COMMENTARY | COLUMNISTS | STAN SEWITCH

The secret language of finance

The old saying is that knowledge is power. And it is, of course. Sharing it is also power, but only for those people who know how to create value rather than just have the private knowledge of it. For those people whose skill is not in value creation, but in value trading, differential knowledge is a source of profit.

Adam Smith talked about it when he wrote of efficient markets where information that is relevant to differential advantage in the marketplace, i.e., where value is traded, can create an advantage for as long as the information stays private.

Smith went on to say that maintaining that knowledge differential is difficult to do, because the act of trading reveals more and more of the information that was once held privately.

Soon the market pricing incorporates all that is known about the valued asset in question, and the trading price accurately represents the “true” value of the asset. This means that the price settles to the point that represents the balance of negotiating power between supply and demand.

The finance industry supplements its access to differential knowledge by using its own language. The vocabulary and grammar of that language is intended to make complex ideas easy to communicate among the finance practitioners. It is also designed to ensure non-finance individuals fail to grasp the knowledge embedded in communications that employ the specialized language.

There are even unique “dialects” within each investment company which serve to allow public dialogue without fearing loss of private, advantageous information.

Let’s take one example: “volspace.”

Spoken quickly in a compound sentence, the listener might not exactly hear what was said. Since it’s not a common word and hasn’t found its way into the American Standard Dictionary, the listener would probably think they heard something else.

The listener might not want to stop the speaker (who looks and acts and speaks very authoritatively) to ask humbly what that word meant, thereby revealing ignorance.

It means “volatility space.”

Pressed further, the speaker would explain that it is indeed simply volatility, the magnitude of price variance over the measurement time period.

Why did the word evolve into this form? What is served by using the word “space,” for example?

“Space” emerged in the business and investment lexicon during the dot-com boom period. There were a lot of new words, acronyms and phrases invented during the late 1990s to partner with the “new economy.”

The popular business models of the time included no profit, growth measured in non-financial metrics, and huge valuations for public offerings based on market greed and ignorance of the meaning behind the language of technology startups.

“Space” meant a defined segment of a defined market. The problem was that the definitions were not fast in coming or explanatory when they did.

Putting the two together, “volspace” means the part of the market for trading an asset that exhibits a particular rate and magnitude of price variability, to be defined. That segment could be the “low volspace,” the “medium volspace” or the “high volspace.”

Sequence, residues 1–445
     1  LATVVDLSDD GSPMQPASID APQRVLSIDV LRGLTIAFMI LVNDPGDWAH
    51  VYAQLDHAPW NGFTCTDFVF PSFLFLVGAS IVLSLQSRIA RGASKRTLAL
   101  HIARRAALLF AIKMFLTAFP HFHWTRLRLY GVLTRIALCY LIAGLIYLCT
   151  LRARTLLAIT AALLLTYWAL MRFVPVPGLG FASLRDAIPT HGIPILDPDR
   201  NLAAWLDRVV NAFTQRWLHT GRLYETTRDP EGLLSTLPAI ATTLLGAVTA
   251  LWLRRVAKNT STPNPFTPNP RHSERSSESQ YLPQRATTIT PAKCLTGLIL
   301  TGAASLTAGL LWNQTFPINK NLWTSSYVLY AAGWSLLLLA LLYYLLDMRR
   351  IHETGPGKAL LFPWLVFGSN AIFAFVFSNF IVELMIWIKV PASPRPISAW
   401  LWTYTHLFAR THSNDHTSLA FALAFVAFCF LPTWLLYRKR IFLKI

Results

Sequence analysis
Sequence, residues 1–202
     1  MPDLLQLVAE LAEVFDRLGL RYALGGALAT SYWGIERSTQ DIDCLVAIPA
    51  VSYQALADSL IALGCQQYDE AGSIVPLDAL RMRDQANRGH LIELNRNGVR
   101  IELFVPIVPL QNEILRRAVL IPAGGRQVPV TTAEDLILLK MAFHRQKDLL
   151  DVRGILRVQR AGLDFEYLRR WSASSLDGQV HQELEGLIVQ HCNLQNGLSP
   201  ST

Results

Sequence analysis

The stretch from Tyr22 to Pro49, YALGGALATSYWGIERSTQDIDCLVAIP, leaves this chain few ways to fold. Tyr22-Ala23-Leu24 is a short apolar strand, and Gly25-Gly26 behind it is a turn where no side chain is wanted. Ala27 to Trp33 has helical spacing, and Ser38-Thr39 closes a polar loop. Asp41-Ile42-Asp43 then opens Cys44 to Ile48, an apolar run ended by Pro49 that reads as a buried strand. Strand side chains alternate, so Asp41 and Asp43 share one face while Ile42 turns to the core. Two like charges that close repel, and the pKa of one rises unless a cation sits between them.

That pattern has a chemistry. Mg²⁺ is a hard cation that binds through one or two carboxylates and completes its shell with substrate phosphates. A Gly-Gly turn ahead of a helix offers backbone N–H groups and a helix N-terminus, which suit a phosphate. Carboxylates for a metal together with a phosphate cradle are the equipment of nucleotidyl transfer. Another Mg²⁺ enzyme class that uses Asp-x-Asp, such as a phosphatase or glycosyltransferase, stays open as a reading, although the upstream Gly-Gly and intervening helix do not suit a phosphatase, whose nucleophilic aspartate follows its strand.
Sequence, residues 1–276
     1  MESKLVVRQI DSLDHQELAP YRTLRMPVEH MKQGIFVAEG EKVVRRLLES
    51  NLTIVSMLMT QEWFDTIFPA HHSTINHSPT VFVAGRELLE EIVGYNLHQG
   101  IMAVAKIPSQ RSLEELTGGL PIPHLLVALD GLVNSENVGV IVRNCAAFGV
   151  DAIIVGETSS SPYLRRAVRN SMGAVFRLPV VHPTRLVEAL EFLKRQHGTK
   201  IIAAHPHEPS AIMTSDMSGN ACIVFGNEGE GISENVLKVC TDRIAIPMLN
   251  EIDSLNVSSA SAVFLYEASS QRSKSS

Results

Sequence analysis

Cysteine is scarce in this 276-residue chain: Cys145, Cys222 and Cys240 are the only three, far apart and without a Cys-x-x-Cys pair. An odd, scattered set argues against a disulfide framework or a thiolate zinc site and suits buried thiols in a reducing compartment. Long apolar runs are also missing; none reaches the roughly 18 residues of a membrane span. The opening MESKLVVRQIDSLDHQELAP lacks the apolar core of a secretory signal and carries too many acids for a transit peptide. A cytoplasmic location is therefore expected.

If high variability is desired, because it might provide higher potential returns, then the trading entity might pursue that segment as an investment, for example.

In old language, the term would be simply “risk level.” It means the same thing. So why do people make up new words and phrases for concepts that have been around for a very long time, and which were previously described in terms that were quite functional?

My theory is that new language is invented to create exclusivity among collaborators who wish to communicate in the open without being understood, thus ensuring a differential advantage in trading (or other activities that rely on the power of information).

Anyone who has traveled to a foreign country where you don’t know the language understands the disadvantage of not knowing how to communicate or understand what is being said.

Anyone who has walked into a group of people discussing a topic with words you haven’t heard before knows how exclusionary it feels. And that’s the point: to exclude.

It’s not conscious, it’s just the way we’re built. Language is a particularly well-developed human skill. Our psychology is built around ancient behavior trends of cooperation and reciprocity on the one hand, and an urge to dominate on the other. We use our high level of skills to exemplify those underlying instincts. And yes, they can be in conflict.

So when I heard, “You know, target date funds achieving a significant alpha by composing investments according to an index that follows a medium volspace can only do so if PM fees don’t employ hidden soft revenue compensation to the custodian,” I knew I was being excluded from understanding.

To combat this disadvantage, one must be ready to pitch the ego out the window and simply ask, “What the heck are you talking about?!” Or, more diplomatically, “Excuse me, what does ‘volspace’ mean?”

Admission of ignorance to the speaker forces them to reveal their knowledge and now include you in the club of those who understand the language. They have to show you the secret handshake.


Sewitch is an entrepreneur and business psychologist. He serves as the vice president of global organization development for WD-40 Company and can be reached at sewitch1@cox.net.

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